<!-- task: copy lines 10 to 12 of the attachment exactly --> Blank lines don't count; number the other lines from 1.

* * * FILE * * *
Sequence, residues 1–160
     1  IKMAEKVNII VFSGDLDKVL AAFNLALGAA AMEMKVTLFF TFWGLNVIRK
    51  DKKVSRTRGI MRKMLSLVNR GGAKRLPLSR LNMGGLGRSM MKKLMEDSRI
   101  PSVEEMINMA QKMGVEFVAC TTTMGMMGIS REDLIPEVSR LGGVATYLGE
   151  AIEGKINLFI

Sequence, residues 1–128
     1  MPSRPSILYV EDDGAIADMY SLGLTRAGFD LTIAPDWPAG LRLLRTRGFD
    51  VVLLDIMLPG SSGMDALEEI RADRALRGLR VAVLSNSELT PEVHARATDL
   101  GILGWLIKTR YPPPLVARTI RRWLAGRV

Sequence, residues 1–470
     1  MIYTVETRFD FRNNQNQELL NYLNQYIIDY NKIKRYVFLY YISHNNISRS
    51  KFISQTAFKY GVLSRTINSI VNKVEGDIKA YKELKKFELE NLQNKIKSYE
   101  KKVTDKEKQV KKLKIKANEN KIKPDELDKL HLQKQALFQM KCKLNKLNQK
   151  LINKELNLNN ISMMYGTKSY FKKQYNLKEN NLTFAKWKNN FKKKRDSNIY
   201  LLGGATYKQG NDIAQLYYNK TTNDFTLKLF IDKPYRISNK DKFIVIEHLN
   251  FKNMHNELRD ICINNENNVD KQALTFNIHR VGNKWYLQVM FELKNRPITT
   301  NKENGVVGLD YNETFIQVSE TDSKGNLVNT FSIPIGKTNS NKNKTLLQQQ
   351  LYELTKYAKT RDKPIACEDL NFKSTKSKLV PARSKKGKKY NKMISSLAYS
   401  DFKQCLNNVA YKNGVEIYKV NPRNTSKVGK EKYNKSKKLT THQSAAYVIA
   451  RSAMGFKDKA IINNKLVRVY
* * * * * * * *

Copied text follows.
Sequence, residues 1–470
     1  MIYTVETRFD FRNNQNQELL NYLNQYIIDY NKIKRYVFLY YISHNNISRS
    51  KFISQTAFKY GVLSRTINSI VNKVEGDIKA YKELKKFELE NLQNKIKSYE